I’m pretty confident that your daughter will do great no matter where she goes, but I have to confess that for the sake of this particular argument, I hope that she qualifies for a citywide. She’d have only about a 20% chance of lotterying into NEST or Anderson, but she would be almost guaranteed to get a seat at TAG. You want to talk about a gut-check for your principles (and some potentially great blogging), that’s it right there.

  3. Nathan says:

    March 12th, 2011at 12:33 pm(#)

    Tim — Thanks for the thoughtful response. I think in general you’re right about dual-language, although interestingly enough, this year, PS163’s dual-language program is about 90% Hispanic (apparently the DOE yanked a second class just before the school year, so they could only take kids from their zone; they promise next year will be more 50-50). You are absolutely right that public schools, no matter in what form, are worth patronizing.

    We are trying hard to get into a school like PS333, which is not G&T, but is still a bit of an intentional community. People are there because they want to be there. I don’t know what their demographics looks like, but they at least are not split inside the school.

  4. Shay MacKenzie says:

    April 7th, 2011at 3:37 am(#)

    Great blog. Great angle of attack – or reflection – on these issues.

    I am a white father of a spectacular little 4 year old who has a wonderful asian mother. We live in Asia and deal with many of the ‘pigment’ questions raised in your piece.

    My take on your dilemma here is less about the specific school/program choices presented to you – in all their complexity – but rather with the over-arching question of how we jettison race/ethnicity as a poisonous complex of misunderstanding and power.

    You say…”I don’t automatically think my kids’ generation will solve racism just because they are doe-eyed and color-blind and innocent. The things that keep us apart are systemic and unwieldy and live in the bricks, not just the minds, of this town.” You captured perfectly the problem of seeing this issue from a deeply personal vantage point, but with that colossus of society looming large like storm clouds over any indiviual attempt at change.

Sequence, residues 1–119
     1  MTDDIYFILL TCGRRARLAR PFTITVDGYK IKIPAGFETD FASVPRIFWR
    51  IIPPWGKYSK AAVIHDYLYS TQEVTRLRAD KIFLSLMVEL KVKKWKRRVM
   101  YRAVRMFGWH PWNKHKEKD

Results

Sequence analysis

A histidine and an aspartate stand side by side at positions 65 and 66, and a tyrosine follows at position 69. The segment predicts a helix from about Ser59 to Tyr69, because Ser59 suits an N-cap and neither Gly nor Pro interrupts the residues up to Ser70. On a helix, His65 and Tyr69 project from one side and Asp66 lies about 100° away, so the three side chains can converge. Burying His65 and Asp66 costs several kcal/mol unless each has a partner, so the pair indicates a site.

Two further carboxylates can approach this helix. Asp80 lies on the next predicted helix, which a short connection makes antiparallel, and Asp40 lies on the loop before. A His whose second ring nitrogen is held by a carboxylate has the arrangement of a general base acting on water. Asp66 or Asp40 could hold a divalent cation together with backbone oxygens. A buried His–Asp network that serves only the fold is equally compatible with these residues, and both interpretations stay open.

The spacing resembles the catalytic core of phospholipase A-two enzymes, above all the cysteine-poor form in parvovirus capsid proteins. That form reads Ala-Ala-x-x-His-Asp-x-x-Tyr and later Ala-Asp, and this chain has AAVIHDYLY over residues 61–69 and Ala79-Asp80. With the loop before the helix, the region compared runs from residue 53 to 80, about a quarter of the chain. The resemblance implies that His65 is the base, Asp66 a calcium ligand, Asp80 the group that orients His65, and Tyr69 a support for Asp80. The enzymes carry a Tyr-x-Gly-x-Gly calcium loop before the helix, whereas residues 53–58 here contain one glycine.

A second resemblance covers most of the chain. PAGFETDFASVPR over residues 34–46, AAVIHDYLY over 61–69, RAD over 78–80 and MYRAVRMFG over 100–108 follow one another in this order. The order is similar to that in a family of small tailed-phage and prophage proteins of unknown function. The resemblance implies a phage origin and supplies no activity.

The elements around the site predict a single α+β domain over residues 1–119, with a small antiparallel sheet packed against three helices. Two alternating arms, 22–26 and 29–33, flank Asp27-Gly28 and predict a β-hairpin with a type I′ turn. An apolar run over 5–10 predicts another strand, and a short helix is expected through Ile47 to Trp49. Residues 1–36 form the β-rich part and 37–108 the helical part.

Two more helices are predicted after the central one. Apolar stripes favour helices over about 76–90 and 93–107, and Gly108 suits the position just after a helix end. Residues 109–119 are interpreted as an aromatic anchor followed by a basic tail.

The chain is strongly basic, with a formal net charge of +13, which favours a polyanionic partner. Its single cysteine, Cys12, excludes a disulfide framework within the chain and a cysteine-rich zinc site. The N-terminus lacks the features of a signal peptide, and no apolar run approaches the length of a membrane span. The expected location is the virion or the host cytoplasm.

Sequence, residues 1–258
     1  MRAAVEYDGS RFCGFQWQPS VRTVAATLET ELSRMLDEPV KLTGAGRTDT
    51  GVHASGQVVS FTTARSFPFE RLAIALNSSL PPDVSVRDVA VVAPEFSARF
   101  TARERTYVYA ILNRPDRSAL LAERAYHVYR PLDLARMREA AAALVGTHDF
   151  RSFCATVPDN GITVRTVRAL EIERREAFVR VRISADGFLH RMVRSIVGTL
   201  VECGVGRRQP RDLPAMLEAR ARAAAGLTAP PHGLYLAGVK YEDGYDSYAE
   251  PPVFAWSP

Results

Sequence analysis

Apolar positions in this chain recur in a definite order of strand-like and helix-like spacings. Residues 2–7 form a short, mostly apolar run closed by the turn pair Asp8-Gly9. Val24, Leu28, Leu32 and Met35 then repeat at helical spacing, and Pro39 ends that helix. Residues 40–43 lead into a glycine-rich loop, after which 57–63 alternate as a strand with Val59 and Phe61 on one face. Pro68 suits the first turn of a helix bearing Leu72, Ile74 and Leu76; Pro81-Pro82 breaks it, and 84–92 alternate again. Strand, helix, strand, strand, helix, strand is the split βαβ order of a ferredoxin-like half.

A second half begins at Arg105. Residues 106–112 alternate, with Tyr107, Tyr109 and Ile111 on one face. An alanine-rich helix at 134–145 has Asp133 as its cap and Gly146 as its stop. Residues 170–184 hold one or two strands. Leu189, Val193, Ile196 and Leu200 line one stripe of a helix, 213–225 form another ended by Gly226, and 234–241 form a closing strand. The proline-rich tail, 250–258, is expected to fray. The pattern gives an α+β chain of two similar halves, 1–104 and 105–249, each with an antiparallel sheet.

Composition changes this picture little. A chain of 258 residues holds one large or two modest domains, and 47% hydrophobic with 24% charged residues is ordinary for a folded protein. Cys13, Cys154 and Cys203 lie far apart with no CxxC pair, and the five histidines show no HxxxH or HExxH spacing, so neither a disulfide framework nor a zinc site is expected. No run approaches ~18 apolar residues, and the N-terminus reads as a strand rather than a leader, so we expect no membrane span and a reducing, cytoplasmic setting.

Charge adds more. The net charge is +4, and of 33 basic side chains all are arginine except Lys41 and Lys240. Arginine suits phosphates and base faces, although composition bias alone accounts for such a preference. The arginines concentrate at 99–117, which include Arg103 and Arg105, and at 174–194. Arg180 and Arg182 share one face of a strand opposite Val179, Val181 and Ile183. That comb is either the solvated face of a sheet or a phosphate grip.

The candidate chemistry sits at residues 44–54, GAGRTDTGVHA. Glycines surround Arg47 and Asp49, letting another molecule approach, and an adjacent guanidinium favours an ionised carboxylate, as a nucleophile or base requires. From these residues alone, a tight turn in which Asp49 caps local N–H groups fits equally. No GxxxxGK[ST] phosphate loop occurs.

My son is the future. But do I gift him the burden of answering the race challenge… undoing these tightly wound strands of prejudice, division, delusion? It won’t happen in his generation. Maybe not for many. And… most importantly… I do not expect any school to be a part of what could prove to be a solution to these issues. It will always happen at home, in the family, in the mind. Schools are not a ‘real’ social unit.

    Keep up the great writing

  5. Andrea K. says:

    June 23rd, 2011at 12:43 pm(#)

    Yesterday I went to register my 4 year old daughter at TAG. She scored a 99, so back in May, we also had the ‘privilege’ to attend the tour at Anderson back. We had ranked Anderson first, TAG second. I have no apprehension about the academic level at TAG, but it does sting hard when the facilities at TAG compared to Anderson underscore the cartoon that you have used to illustrate your article. It does sting when I am being signed in at the security desk, and your dear police officer says sh***t as part of her animated conversation with a gentleman who has no uniform and looks like he is just hanging out. It does hurt that, after a long and drawn out process that carries such a commitment (we live far in the Bronx), the parent coordinator handles your registration as uneventfully as if she was handing out a queue number at the post office.

    Meanwhile, Anderson is poised to host a wine and cheese hour complete with a circus show for the entering parents. Wine and cheese aside, it would have been great to have had the recognition of our efforts and dedication. It takes so much consideration by the families, from logistic to moral desirables, as have been highlighted by all the previous commenters here. For a black, latino, and any other child who have scored 97 and above, and who have working parents and all the rest of the social implications that go with it, coming into TAG should be a cause for celebration. The school should have planned to get us families together to mark the moment. So yes, the water fountain at TAG still drips and has rusty marks.